Why Your Big Data Needs to Be Agile
When we talk about the digital transformation, we often refer to the importance of agile businesses. Enterprises willing to adapt to new technology are better poised to come out on top –but companies aren’t the only things benefiting from agility that allows them to pivot in real time.
Big data, as we know it, is just getting started. The mainstream adoption of the Internet of Things (IoT) has led to massive amounts of data accruing in centers. The more businesses adopt IoT, the sooner they’ll realize that data comes with responsibility. Big data, just like big business, must be agile. But how to move mountains of data, and with agility? That is a heavy question to ponder.
Execute in Real Time
According to a report published by MarketsandMarkets, big data will continue to be a lucrative prospect through 2021. Today, the big data market is worth about $28.65 billion. By the end of 2012, expect that number to be $66.9 billion – with a compound annual growth rate of 18.45 percent. A significant portion of this growth, I predict, will be from enterprises leveraging big data to expedite decision-making processes. Using big data effectively requires businesses be actionable. Execution in real time is essential, as anything less can slow down business processes. Skillful execution is also paramount. Let me explain what I mean. More data isn’t necessarily good data; in fact, data for the sake of data will only muck up your company IT and overload your data centers.
A massive amount of customer data – like personal information – is also unhelpful. Consumers are antsy about targeted messaging and could feel their privacy is being violated. Without human guidance, this machine data can grow out of control (and frankly, will be of little use).
Those who use big data effectively are those who guide the process based on building a relevant relationship with a client. That’s a job for marketing, but these days, IT and marketing go hand in hand. Devise a plan that supports the efficient running of your data centers and gathers pertinent information to enhance the client relationship.
Be Careful with Personalization
I think we’ve all been victims of targeted messaging gone wrong. Here’s a classic example: A man purchased an engagement ring for his girlfriend, and now-discontinued Facebook Beacon posted the information to his wall without his consent… ruining the surprise. Imagine getting a congratulatory call without even popping the question! Incidents like these make targeted messaging seem more like Big Brother, which is a big turn-off. Personalization can be an asset to your arsenal, but proceed with care.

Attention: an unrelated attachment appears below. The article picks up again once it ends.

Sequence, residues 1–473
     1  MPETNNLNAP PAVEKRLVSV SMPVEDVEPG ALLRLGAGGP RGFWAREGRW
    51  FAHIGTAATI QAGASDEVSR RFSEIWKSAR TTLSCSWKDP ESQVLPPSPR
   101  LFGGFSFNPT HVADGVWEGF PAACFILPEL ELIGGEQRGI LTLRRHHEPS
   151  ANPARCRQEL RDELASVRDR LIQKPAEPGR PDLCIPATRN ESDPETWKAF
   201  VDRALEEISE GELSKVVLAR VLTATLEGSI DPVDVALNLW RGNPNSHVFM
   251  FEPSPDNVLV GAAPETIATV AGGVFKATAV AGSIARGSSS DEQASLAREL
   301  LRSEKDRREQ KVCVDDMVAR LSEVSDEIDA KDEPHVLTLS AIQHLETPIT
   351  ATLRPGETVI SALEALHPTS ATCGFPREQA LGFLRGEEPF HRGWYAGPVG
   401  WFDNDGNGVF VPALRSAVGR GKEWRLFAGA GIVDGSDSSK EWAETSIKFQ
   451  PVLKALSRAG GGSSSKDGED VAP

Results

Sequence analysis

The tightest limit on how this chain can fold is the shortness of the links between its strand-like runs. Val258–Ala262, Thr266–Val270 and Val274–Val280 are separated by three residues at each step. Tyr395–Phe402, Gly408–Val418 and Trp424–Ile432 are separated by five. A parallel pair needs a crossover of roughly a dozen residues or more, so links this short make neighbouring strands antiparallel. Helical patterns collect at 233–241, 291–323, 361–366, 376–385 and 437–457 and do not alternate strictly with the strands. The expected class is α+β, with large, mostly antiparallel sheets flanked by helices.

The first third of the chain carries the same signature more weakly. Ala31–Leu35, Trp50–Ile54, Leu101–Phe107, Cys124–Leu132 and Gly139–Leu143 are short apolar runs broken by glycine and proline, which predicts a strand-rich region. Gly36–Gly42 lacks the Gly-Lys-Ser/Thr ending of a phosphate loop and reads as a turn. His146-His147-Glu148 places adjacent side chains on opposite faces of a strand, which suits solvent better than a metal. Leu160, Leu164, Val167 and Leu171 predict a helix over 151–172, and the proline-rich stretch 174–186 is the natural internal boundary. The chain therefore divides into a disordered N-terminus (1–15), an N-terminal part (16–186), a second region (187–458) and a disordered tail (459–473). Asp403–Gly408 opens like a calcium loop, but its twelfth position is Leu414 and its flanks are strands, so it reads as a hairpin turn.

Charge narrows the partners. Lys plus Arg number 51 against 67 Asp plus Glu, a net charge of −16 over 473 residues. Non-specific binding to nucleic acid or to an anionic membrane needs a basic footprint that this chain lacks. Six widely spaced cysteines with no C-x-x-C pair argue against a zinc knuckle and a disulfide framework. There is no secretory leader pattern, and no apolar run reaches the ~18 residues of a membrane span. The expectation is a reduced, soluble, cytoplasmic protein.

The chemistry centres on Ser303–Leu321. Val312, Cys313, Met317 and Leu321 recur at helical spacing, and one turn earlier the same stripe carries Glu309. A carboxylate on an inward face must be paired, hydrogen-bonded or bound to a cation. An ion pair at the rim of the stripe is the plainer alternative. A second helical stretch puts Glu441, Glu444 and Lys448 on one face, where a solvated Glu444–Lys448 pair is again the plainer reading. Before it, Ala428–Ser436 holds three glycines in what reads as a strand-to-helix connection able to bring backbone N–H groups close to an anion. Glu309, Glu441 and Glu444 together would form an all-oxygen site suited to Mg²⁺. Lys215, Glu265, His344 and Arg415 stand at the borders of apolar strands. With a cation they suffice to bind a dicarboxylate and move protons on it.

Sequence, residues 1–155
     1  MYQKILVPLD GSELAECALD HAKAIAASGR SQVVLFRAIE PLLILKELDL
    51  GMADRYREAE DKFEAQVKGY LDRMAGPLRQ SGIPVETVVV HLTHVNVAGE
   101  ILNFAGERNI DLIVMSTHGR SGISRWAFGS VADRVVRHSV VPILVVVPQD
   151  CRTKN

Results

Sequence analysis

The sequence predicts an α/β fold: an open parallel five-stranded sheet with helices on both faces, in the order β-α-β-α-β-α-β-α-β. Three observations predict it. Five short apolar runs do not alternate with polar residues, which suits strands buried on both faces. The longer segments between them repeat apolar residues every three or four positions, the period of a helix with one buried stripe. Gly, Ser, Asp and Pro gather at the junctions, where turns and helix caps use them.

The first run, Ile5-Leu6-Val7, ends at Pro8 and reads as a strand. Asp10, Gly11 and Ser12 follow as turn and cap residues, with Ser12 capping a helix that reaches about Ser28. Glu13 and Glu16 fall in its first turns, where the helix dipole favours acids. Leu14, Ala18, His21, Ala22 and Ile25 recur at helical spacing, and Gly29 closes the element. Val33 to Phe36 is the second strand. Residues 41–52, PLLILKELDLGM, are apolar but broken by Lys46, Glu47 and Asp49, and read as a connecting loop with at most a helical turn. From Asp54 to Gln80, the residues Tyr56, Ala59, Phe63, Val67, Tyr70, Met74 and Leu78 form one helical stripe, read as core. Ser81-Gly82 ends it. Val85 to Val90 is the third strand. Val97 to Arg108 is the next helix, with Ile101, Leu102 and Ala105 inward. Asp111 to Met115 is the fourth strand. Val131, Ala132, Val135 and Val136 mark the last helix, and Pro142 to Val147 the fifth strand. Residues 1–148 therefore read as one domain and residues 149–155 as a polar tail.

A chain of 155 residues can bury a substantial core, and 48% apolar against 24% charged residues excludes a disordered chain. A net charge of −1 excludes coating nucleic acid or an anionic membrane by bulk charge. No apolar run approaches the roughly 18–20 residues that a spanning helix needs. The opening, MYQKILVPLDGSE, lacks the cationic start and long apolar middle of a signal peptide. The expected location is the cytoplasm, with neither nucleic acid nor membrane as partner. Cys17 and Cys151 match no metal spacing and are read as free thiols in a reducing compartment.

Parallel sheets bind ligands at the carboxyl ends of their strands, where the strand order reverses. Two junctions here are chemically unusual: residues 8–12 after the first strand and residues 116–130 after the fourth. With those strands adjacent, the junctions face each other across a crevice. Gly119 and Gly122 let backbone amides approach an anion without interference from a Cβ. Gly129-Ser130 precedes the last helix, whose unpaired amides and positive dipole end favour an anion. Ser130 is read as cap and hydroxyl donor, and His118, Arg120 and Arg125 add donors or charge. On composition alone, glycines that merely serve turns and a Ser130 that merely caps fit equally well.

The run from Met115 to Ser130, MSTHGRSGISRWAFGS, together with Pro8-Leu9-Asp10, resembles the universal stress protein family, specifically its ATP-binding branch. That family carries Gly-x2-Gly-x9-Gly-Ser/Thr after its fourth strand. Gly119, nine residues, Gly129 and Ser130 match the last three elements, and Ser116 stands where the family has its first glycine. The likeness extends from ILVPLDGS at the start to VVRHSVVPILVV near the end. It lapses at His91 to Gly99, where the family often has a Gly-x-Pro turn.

As personalization becomes the norm in business, big data will become agile data. Essentially, it should generate data that’s valuable and unique to the enterprise.
Have Data, Will Profit
The key to devising an agile big data strategy is realizing that having data isn’t as important as the ability to use it. A recent survey of US and European data executives found that less than one-third of companies had turned a profit on their big data initiatives, while 45 percent said that they were only breaking even. Ouch.
So how do we make our big data profitable? Simply stated: the process requires many layers working in tandem. Let’s break it down.
- Define your digital roadmap. It’s hard to anticipate the destination if you don’t know where you’re going. Create specific objectives, and research how your data will help you achieve those objectives.
- Understand how data creates value. Remember: More isn’t necessarily better. Big data is only taking up space in your data center. Brainstorm which types of data are valuable to you as an enterprise, so you can use it.
- Create data governance. CIOs need to have a plan in place for mining, organizing, and storing data. Don’t wait until your centers are overloaded before making a game plan. Consider organizing a task force that continually oversees your data strategy.
- Be a data-driven culture. Big data is becoming the new standard for business. Foster a company culture that’s dynamic and data-driven.
The key here is realizing that data isn’t the solution – it’s the means to the solution. Your data should tell a story about whom you are and where you want to go. It needs human insight; pure data can’t be the result of machine farming. Know what to do with the information, and communicate it in a concise form.
As IoT churns out massive amounts of data, be prepared to use it. Historical data continues to be important, but combine it with real-time data to achieve your digital goals. Devise your big data roadmap, and create a culture that’s data-driven and dynamic. It’s time for your big data to become agile data that will let your business move mountains.